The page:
CN: I can tell you have a bent for the literary by naming your son after a character in The Chronicles of Narnia!
LS: Yes, I love reading and learning new things constantly!
CN: Which brings me to a question that may seem a bit irreverent to your profession: Since Campion has gone to iPads, is there really any place for books or a future for a library here at the school?
LS: I love it when people bring this up. Certainly there is a transition going on in the library world from the physical concept of books to ones that are digital. There’s also the mentality (especially amongst teenagers) that all you need is Google. But what people forget is that we are living in a world where knowledge is growing at an exponential rate. Virtually anyone can publish now, so that finding reliable, quality information is like trying to find that one drop of water coming out of a running fire hydrant. It’s overwhelming. Especially for students. So that’s where librarians come in—we help you find just the information you need.
CN: I like the fire hydrant analogy. So tell us a bit more about your role as librarian.
LS: I’m working on collaborating with teachers—helping them and their students find the right materials to help support curricular needs. I mentor students in their research and homework needs. I teach information literacy skills to classes that come in for certain projects. I assess and determine how the library collection needs to change and evolve to support the classes offered here at Campion. I champion literacy by helping each reader find his or her book.
CN: What are you most excited about in regards to your job?
LS: I’m really excited to start implementing a Makerspace here at the Campion Library. It’s a movement that’s growing popularity all over, but especially in libraries. The concept of the movement is simple: get out there and make something. Projects range anywhere from something made using a 3D printer (a technology Campion acquired last school year), learning how to solder, programming robots, building a catapult, knitting a hat, or making a wallet out of duct tape. I want students to learn the satisfaction of making something they dreamed up on their own, instead of just consuming what is so readily available. After Christmas, students at Campion will begin to enjoy Makerspace events probably twice a month. Our first event will involve programming a Sphero (a robot, for lack of a better term) using their phones or iPads. There will be a competition and prizes for winning teams.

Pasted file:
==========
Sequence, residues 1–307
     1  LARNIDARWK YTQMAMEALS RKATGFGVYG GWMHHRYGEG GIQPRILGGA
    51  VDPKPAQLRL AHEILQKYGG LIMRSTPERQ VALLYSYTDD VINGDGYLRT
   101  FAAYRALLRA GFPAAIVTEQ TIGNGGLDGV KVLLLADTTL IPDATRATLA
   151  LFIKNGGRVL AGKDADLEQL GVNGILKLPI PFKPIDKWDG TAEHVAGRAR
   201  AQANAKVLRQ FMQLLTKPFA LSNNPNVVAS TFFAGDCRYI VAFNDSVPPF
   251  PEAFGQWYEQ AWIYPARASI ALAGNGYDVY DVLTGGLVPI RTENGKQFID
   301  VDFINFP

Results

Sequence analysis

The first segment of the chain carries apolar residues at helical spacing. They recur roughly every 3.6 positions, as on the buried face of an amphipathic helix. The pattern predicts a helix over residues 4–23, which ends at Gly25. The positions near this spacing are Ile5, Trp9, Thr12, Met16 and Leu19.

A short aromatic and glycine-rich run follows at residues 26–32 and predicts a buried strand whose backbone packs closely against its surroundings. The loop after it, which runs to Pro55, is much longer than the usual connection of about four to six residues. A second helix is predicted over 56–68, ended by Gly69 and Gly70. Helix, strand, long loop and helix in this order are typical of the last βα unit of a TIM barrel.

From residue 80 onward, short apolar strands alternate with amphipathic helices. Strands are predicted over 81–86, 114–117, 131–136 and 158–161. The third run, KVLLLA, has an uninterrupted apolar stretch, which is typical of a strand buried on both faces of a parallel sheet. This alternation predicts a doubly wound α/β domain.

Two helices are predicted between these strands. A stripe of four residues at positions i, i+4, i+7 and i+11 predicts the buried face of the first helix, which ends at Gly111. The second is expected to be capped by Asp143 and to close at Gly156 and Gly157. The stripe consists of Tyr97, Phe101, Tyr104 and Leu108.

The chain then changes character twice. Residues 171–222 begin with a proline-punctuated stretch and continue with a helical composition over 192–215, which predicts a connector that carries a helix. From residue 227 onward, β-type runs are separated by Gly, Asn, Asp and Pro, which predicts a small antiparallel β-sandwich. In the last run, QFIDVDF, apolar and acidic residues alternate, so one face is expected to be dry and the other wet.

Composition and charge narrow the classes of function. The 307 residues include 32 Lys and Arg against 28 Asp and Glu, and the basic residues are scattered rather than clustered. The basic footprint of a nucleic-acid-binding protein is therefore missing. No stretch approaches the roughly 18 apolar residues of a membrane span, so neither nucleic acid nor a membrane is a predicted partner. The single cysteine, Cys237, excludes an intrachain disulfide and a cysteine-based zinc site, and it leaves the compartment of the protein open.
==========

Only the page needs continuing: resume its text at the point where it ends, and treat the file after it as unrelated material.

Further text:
CN: That’s awesome! If anyone is interested in coming to these events, what do they need to know?
LS: They will typically be held during the lunch hour, 12:00-1:00, in the library. Look for announcements in the Campion News emails. And if you’re looking for more information, people can definitely email me at firstname.lastname@example.org.
Orchestra director Yves Clouzet remarked, “This concert gets only about 4 weeks of practice, and we have even better talent this year.” He intentionally chose more challenging orchestra pieces and discovered that the students worked well under pressure. “We accomplished some difficult things in a short amount of time,” he said. Aaron Copeland’s “Fanfare for the Common Man” and “Soul Bossa Nova” featured the percussionists’ abilities.
Junior Natalie Boonstra performed a challenging Beatles medley of “Yesterday,” “I Want to Hold Your Hand,” and “Long and Winding Road” with the Teh Campanas handbells. She said, “We enjoyed the Beatles piece a lot, so we were motivated to work harder because we were having fun.”
The music department will perform its Christmas concert on December 12.